Imagine waking up at 4:30 in the morning, taking a shower, making coffee and heading out the door to make it to work for the start of your 6 a.m. to 2 p.m. shift.

Imagine doing that every day of the week. Not just Monday through Friday. Every day.

Now imagine getting your paycheck and seeing that you have earned a whopping $119.28 — minus taxes, of course — for your 56 hours of work.

Now imagine where you might live. Nepal? Nigeria? North Korea? Try North Carolina, where the minimum tipped wage is a paltry $2.13 an hour. If you earn tips regularly (more than $30 a month) in the state of North Carolina, your employer can legally pay you $2.13, the federal “minimum tipped wage.” And some do.

Further imagine you’re making your $2.13 a hour, hoping that customers will find it in their hearts to leave a few extra shekels so that you can do something crazy … like buy food to put in your fridge.

One day one customer does. They leave you a lot of extra shekels in fact. Enough to put food in your fridge (or “on your family” to quote a favorite Bushism) and pay the phone bill, cable bill, car payment and most of your rent for the month. All from one customer — a one in a million customer who leaves you a whopping $1,000 tip. Your heart skips a beat. You call your friends. You tell the kids you’re getting steak for dinner. You pretty much won the lottery.

Hold on there, mister happy pants. That “lottery ticket” of yours don’t do you a lick of good if you can’t cash it. And the one place you can cash that lottery ticket — your employer — says they don’t allow big tips like that. At least not on a credit card. So they run the bill without the tip and you get nothing. Except, of course that $2.13 an hour you worked so hard for.

If you haven’t heard about it, this precise scenario played out on Mother’s Day in a Waffle House in North Carolina. Fortunately it worked out. The generous tipper tracked down the waitress who was denied her gratuity, writing her a check for the $1,000 she was meant to have.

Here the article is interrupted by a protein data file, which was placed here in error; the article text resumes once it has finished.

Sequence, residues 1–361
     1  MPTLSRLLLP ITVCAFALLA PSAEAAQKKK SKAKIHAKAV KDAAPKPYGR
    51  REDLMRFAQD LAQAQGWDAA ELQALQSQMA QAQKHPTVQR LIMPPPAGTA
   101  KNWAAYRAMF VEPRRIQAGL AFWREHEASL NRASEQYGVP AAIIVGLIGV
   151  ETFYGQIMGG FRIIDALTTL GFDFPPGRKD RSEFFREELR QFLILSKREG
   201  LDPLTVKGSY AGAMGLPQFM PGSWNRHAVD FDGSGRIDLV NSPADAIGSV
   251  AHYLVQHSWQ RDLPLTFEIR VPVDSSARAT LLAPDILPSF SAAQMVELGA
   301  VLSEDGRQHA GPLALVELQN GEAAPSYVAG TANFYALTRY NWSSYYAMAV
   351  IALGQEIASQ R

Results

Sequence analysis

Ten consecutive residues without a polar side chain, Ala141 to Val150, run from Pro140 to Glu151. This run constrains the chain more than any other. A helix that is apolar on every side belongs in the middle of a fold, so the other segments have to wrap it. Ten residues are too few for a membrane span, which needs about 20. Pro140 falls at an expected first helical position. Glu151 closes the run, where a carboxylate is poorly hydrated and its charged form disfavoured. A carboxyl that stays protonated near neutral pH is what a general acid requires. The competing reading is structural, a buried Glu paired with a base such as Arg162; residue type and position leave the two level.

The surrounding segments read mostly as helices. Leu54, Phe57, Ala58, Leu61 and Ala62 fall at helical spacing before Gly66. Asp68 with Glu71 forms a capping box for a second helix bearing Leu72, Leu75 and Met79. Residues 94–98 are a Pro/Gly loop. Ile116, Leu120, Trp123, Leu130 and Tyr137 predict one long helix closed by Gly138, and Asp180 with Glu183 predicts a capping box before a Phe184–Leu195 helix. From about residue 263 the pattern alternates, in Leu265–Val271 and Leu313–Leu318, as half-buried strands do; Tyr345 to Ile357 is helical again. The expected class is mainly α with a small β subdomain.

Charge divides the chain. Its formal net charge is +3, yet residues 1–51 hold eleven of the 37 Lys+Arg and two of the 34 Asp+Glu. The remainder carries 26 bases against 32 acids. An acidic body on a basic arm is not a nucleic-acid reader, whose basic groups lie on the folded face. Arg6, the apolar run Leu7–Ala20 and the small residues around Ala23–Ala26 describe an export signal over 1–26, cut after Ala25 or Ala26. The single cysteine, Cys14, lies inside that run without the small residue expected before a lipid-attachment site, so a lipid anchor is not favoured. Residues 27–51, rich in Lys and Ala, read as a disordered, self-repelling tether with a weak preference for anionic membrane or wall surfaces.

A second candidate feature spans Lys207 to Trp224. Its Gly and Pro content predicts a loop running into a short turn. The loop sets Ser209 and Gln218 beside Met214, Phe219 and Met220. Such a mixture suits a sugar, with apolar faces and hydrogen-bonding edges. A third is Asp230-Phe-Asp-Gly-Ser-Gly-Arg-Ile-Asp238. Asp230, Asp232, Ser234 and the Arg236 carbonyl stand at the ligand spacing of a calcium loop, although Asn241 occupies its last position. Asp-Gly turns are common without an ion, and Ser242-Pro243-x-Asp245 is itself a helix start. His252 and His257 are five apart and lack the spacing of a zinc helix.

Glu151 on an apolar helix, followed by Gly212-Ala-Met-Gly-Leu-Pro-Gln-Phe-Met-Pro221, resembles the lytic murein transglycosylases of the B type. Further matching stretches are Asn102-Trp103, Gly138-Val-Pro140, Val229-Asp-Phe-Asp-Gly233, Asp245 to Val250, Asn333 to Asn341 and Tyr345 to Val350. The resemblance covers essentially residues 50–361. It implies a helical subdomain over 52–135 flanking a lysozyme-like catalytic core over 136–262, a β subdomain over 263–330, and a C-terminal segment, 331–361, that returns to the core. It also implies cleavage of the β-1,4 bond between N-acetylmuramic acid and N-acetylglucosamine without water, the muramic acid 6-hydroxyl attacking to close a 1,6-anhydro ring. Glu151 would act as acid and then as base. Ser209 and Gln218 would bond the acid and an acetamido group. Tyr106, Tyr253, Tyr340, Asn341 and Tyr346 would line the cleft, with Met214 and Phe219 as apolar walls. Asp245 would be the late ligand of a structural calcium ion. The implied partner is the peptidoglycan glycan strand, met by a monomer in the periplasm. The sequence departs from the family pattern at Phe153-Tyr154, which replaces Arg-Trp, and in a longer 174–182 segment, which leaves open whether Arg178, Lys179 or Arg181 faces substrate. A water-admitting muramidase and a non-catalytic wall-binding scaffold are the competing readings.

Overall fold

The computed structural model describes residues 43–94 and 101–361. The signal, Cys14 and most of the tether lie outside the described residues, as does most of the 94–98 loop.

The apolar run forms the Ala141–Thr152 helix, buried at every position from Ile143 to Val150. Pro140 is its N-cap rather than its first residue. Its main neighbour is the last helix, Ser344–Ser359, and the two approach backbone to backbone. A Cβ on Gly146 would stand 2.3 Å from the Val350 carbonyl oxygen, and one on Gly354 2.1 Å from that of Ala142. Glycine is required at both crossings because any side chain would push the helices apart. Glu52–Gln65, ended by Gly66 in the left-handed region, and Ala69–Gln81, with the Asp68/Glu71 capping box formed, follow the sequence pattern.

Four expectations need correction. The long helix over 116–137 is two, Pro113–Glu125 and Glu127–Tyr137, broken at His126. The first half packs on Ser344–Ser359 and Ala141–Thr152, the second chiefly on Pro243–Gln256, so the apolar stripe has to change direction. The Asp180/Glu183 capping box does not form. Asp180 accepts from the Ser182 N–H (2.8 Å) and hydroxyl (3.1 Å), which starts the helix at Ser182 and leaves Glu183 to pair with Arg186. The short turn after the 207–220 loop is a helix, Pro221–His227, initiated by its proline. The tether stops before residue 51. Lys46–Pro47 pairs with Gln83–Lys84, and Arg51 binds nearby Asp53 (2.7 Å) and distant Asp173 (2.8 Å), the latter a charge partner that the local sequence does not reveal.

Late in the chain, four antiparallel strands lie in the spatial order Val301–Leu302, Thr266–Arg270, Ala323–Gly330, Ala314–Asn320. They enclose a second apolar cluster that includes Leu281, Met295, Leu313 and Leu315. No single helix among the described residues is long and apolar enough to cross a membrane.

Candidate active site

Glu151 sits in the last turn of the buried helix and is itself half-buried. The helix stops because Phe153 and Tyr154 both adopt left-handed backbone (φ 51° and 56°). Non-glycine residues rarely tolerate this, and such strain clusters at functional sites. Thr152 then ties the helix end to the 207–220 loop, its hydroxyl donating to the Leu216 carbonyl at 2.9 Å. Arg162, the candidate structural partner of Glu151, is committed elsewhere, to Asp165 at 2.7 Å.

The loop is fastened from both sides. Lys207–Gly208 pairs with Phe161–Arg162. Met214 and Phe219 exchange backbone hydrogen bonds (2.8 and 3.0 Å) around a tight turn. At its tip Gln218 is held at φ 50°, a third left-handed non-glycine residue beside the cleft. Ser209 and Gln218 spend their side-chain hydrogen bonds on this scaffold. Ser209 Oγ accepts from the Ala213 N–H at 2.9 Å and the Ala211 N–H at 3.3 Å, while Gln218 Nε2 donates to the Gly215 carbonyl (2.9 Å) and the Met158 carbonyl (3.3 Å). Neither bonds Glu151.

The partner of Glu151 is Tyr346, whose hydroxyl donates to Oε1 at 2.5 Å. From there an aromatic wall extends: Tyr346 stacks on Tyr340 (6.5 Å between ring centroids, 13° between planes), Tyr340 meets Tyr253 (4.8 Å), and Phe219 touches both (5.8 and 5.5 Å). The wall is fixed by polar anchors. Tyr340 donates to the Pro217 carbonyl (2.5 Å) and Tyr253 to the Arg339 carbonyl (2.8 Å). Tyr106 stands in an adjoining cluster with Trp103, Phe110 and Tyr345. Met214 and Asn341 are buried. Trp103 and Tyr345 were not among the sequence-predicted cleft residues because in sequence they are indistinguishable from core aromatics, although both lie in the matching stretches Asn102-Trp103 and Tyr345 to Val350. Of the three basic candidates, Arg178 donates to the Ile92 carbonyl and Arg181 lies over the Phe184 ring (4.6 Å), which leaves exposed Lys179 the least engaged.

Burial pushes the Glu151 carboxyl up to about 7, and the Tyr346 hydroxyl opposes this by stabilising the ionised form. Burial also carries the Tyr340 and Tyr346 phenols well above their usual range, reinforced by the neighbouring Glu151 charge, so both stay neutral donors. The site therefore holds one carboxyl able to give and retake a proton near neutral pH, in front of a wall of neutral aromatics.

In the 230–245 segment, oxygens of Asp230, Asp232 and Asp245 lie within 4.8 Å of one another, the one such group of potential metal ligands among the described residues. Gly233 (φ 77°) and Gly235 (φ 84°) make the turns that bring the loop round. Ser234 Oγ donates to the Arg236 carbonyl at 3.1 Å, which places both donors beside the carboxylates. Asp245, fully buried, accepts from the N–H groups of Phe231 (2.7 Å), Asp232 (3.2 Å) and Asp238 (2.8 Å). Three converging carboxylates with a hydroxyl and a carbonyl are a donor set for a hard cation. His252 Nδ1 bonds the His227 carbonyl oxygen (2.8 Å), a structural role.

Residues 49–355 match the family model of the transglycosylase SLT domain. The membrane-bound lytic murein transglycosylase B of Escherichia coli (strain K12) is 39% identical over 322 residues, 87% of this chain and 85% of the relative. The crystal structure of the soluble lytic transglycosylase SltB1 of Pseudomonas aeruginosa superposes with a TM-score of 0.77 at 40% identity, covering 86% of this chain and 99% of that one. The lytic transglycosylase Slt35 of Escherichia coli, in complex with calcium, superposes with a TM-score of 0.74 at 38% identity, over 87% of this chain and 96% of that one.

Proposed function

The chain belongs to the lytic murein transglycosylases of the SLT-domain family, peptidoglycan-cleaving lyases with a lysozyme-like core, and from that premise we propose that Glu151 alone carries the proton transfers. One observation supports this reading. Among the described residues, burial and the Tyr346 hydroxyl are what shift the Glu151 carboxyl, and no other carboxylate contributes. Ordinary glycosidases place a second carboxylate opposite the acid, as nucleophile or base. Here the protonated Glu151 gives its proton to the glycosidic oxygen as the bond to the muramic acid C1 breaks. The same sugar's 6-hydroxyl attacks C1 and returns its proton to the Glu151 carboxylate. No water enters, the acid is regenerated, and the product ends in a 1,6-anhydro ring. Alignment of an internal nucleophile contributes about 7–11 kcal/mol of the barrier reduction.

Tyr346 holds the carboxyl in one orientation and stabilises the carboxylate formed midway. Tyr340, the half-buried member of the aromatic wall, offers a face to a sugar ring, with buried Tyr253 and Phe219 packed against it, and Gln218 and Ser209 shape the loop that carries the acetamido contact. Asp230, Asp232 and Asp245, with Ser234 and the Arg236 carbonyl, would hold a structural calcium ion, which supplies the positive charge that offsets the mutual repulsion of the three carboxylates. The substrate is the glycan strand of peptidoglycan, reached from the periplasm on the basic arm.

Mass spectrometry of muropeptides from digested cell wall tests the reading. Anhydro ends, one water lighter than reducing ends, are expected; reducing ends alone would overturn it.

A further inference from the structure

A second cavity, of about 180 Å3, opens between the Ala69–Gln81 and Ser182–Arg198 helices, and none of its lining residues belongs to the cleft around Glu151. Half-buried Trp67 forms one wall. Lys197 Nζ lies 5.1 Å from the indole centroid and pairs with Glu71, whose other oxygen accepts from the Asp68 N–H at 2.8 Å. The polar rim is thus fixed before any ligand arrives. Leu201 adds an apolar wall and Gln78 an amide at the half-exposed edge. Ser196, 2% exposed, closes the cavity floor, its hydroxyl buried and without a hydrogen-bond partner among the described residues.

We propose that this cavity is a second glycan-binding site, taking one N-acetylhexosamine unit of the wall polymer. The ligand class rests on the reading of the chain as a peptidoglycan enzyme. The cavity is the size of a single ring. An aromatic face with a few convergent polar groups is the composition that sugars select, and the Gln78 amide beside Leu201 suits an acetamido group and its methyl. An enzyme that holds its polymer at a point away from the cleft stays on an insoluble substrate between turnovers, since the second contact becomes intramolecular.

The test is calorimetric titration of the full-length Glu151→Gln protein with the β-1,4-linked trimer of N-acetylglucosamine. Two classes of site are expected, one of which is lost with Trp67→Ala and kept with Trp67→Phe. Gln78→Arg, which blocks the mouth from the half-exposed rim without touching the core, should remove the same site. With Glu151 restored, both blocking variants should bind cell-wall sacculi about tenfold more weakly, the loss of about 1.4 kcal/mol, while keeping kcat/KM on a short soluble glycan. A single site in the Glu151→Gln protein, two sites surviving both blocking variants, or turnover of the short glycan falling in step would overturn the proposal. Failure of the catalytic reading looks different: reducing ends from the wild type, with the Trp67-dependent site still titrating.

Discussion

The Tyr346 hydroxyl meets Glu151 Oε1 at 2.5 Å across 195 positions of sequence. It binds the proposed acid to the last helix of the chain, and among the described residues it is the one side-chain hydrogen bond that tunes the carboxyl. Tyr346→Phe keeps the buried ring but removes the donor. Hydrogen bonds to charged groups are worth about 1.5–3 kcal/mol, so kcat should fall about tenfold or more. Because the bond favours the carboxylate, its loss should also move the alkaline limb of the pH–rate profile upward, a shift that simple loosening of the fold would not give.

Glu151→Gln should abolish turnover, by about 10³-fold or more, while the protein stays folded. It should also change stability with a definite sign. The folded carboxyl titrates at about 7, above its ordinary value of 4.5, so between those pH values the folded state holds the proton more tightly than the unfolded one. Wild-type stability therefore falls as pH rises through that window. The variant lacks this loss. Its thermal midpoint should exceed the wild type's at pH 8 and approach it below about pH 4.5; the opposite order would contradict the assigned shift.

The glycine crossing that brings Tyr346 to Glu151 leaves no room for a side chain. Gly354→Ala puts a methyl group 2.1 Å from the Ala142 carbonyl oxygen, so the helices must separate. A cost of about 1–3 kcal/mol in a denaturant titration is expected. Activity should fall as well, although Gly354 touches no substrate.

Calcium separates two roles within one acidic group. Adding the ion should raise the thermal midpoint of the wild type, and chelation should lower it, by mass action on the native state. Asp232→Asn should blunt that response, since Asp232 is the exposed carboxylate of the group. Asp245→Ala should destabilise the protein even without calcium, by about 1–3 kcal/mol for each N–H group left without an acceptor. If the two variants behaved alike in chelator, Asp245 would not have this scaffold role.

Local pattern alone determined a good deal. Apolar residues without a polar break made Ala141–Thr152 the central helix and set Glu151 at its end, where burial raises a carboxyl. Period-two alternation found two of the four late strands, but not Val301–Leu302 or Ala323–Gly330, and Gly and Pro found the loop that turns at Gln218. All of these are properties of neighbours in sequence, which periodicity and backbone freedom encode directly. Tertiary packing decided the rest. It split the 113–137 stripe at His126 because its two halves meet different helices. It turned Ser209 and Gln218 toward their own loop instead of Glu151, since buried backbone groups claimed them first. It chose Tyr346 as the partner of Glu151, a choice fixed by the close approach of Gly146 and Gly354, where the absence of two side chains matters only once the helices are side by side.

Waffle House has since said that there was a communication gap. She wasn’t denied the tip, of course. They were trying to find the customer to ask him to bring in some cash or write a check. Mmm hmm.

The real travesty here, of course, isn’t Waffle House’s actions. It’s the state of North Carolina allowing employers to pay people $2.13 an hour in hopes of customers making up the difference so they’ll make greater than minimum wage. The real travesty is allowing the service industry to get away with paying a wage you’d expect to see in third-world country and then passing the buck directly to the customers to make up the difference.

Employers like Waffle House, of course, would tell you that if they paid more than the $2.13, they’d have to increase the price of their waffles or they couldn’t pay the rent on their house. So they pay the lesser wage and then expect the customers to pay extra for their waffles … directly to their server.

And then maybe Waffle House will let them keep their tips. Or maybe not.

Scott Leffler once drove 188 miles to eat at a Waffle House, where he hopes his waitress got her tip. Follow his eating escapades on Twitter @scottleffler.